– Optimizer
    Jul 21 '15 at 20:50
  • 46
    \$\begingroup\$ @Sp3000 Okay, lets raise the stakes. I hereby promise to slap a big juicy 500 pt bounty on the shortest legal (community consensus) Retina answer to this question one week from this comment posting timestamp. \$\endgroup\$ Jul 21 '15 at 21:09
  • 2
    \$\begingroup\$ Hmm, the threshold chosen doesn't quite match Apple's marketing, e.g. for the Retina iMac: 5120 2880 27 \$\endgroup\$
    – Ed Avis
    Jul 30 '15 at 9:16

38 Answers 38


Pyth, 34 32 31 bytes

My first attempt at golfing with Pyth, comments/criticisms are welcome!



     rz7                            Split the input on spaces and eval
    J                               Store the result list in J
  .)                                Take the last element from the list
         .aJ                        Find the vector length of the remaining elements
        c   300                     Divide this by 300
?<             "Retina!""Trash!     Ternary comparison and output

Edit: replaced slice with pop to save 2 bytes

Edit 2: inline assignment to save 1 byte - thanks to isaacg

  • \$\begingroup\$ Hey Sok, I'm glad you're learning Pyth. One nice trick that you can use here is inline assignment. J2+J3 and +J2 3 are equivalent, and likewise you can put the rz7 right after the first J. \$\endgroup\$
    – isaacg
    Jul 23 '15 at 9:27
  • \$\begingroup\$ @isaacg Thanks for the tip, I'll update my answer to take that into account :o) \$\endgroup\$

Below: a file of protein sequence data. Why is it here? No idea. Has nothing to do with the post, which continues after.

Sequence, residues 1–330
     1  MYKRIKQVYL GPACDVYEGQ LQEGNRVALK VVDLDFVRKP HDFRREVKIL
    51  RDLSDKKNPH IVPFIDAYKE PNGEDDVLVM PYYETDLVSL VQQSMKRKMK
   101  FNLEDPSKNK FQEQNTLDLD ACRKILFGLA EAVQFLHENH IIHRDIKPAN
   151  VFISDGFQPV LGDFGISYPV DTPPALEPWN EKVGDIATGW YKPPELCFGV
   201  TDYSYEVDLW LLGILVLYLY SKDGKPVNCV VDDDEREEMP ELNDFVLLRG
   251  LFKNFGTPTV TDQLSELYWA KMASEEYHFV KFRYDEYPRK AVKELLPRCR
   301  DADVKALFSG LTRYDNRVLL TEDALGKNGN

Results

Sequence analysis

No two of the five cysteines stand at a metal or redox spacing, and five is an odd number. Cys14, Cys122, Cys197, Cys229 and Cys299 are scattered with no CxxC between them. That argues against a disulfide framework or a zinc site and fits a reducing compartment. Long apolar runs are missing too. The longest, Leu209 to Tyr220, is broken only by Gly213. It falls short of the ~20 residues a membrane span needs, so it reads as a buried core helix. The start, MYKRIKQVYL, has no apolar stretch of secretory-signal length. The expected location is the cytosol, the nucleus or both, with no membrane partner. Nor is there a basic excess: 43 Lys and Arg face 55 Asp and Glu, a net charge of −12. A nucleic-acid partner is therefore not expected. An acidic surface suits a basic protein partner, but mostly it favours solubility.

– Sok
    Jul 23 '15 at 10:02

Javascript, 87 69 bytes

OK, I'm rather late to the party and this isn't a great score, but:

function r(w,h,d){return Math.sqrt(w*w+h*h)/d>300?"Retina!":"Trash!"}

which translates to this in readable code:

function r(w, h, d) {
    return (Math.sqrt(w * w + h * h) / d) > 300     // if term > 300
        ? "Retina!"    // return "Retina!"
        : "Trash"!"    // otherwise return "Trash!"
  • 5
    \$\begingroup\$ Why would you use Math.pow() just to square the numbers? w*w is way shorter than m.pow(w,2), and since you'd then only be using Math once (for the sqrt()), you could avoid wasting bytes creating the m variable. \$\endgroup\$ Jul 23 '15 at 13:26
  • 1
    \$\begingroup\$ You can also avoid the Square root by algebraically moving around some of the terms and raising both sides to the second. \$\endgroup\$
    – DeadChex
    Jul 23 '15 at 13:33

C#, 74 bytes

string D(int w,int h,double d){return w*w+h*h>9e4*d*d?"Retina!":"Trash!";}